Despite this concern, Chiapperino and Boniolo (2014) opine that the diverse disciplines of both medicine and nursing are implicit in cultivating a significant appreciation of what it means to be human and how illness is experienced. Carel (2013) argues that illness is considered a specific component of what it means to be human and raises important philosophical issues. Rather than view illness as a scientific entity, she argues, it should be considered as a lived event. Fundamentally, being able to demonstrate a humanistic approach towards others involves both the expression of sincere empathic behaviours and the ability to listen effectively (Baum 2002). Furthermore, it requires the capacity to engage with patients; to interpret information and to communicate appropriately (Oyebode 2010). Through the understanding and interpretation of illness these humanistic skills can be utilised in order to diagnose, prognose and deliver direct effective care, whilst recognising the existential damage the illness can cause (Martignoni et al. 2012). The emphasis however should not simply focus on the technological aspect of healthcare provision and the treating of patients but also on the human aspect, which acknowledges that patients present with a gamut of ‘reactions and emotions that affect their experience with illness’ (Hart 2011).
Greater emphasis is now being placed on understanding the observed phenomenon of patients suffering from both physical and mental health conditions, with evidence now strongly indicating that those patients who have poor physical health are also at risk of poor mental health and vice versa (Naylor et al. 2012). In view of this, healthcare professionals need to facilitate a greater understanding of the psychological functions and the relationship that exists between the mind and the body (Martignoni et al. 2012).
The biopsychosocial model (Engel 1977) is a useful framework in helping to facilitate this. However, a word of caution is necessary, for even though the professional quality of empathy, for example, is a greatly respected complement to the biopsychosocial approach, empathy decline is a phenomenon that appears early within healthcare students, as the change from ‘idealism to realism’ emerges (Nunes et al. 2011). Disappointingly this ‘decline’ has the capacity to reduce the effectiveness of Engels’ (1977) model at a time when it is perhaps needed the most. In a society in which an ageing population requires an increasing amount of care – whether, medical, nursing or social – this represents a significant problem to the delivery of contemporary healthcare provision and is one that requires urgent consideration.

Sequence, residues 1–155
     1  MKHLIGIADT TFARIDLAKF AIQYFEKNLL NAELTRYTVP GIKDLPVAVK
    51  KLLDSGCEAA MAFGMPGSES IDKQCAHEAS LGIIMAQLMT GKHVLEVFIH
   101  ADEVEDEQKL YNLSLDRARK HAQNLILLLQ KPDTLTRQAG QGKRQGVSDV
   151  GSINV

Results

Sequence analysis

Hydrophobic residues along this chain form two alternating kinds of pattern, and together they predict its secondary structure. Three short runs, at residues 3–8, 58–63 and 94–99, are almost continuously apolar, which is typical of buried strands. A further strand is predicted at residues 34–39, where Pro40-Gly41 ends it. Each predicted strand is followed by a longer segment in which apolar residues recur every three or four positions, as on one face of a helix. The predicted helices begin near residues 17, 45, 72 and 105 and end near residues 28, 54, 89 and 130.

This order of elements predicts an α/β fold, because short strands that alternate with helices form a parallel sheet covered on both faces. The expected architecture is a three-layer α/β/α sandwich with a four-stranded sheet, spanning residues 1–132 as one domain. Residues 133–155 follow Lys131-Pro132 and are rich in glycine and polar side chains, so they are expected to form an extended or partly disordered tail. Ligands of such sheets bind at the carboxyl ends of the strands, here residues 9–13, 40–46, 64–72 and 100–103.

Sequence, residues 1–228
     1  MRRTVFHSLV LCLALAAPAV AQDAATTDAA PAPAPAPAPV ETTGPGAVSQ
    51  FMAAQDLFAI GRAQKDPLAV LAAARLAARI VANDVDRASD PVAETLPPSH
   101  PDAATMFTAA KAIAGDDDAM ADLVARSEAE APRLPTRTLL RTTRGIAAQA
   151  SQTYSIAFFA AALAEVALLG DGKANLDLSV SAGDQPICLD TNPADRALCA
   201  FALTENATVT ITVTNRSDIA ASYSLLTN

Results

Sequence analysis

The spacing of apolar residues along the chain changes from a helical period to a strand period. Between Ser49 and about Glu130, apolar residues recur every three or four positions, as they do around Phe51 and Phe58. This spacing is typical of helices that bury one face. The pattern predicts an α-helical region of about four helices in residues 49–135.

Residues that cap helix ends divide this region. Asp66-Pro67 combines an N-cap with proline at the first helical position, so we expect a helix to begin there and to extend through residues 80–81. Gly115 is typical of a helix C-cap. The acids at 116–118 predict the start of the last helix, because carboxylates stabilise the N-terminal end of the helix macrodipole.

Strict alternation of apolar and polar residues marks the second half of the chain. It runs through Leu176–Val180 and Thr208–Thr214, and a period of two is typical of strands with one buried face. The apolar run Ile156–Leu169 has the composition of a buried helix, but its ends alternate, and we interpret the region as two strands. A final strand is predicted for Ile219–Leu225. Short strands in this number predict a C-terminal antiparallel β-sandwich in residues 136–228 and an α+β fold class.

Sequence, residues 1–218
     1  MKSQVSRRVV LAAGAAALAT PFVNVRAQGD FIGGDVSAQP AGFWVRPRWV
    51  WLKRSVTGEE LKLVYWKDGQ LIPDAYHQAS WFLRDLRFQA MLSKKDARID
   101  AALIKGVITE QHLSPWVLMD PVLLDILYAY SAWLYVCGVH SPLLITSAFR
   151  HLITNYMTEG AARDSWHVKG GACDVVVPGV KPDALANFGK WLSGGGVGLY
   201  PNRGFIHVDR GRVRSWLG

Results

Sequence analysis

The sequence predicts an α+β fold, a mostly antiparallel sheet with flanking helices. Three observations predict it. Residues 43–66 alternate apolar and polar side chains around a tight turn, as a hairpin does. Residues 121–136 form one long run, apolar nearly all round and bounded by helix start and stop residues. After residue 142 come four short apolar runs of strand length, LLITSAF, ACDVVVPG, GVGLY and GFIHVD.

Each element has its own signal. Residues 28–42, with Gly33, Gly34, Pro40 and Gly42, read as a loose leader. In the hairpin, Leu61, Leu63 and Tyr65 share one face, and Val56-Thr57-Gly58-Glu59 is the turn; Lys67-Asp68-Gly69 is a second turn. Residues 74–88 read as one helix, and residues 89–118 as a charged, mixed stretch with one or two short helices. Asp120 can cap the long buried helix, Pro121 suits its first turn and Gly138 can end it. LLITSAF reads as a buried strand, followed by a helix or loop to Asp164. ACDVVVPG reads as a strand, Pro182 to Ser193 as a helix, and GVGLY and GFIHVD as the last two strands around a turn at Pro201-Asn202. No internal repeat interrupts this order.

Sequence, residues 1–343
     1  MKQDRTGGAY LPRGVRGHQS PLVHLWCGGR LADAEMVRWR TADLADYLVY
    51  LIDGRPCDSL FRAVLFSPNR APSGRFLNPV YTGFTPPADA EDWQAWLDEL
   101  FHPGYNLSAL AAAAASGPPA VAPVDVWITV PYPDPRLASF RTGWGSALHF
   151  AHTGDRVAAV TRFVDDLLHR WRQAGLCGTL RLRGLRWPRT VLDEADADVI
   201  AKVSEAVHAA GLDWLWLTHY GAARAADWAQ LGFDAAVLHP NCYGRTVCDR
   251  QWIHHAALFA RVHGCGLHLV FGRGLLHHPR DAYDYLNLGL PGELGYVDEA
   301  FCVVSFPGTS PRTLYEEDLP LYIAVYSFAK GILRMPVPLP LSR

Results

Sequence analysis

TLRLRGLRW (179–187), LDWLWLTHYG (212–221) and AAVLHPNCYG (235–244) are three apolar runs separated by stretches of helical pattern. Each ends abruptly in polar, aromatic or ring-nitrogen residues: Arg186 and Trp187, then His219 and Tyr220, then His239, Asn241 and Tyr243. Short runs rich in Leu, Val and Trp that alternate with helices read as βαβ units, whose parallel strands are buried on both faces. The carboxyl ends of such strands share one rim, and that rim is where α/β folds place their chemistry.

The second of Catherine Kelsey’s blog posts is ‘Improving the Chances of Person-Centred Nursing Care’, and you can read it here.
An-bang Yu (2014) ‘The Encounter of Nursing and the Clinical Humanities’, Nursing Education and the Spirit of Healing 3: 660–674.
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Carel, H. (2013) The Lived Experience of Illness. Faculty of Arts, University of Bristol.
Chiapperino, L. and Boniolo, G. (2014) ‘Rethinking Medical Humanities’, Journal of Medical Humanities.
Cole, R.T. Carlin, N.S. and Carson, R.A. (2014) Medical Humanities. An Introduction. Cambridge University Press: New York.
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Drumm, M. (2013) The Role of personal Storytelling in Practice. The Institute for Research and Innovation in Social Services; Glasgow.
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Shapiro, J. Coulehan, J. and Wear, D. (2009) ‘Medical humanities and their discontents: definitions, critiques, and implications’, Academic Medicine 84 (2): 192-98.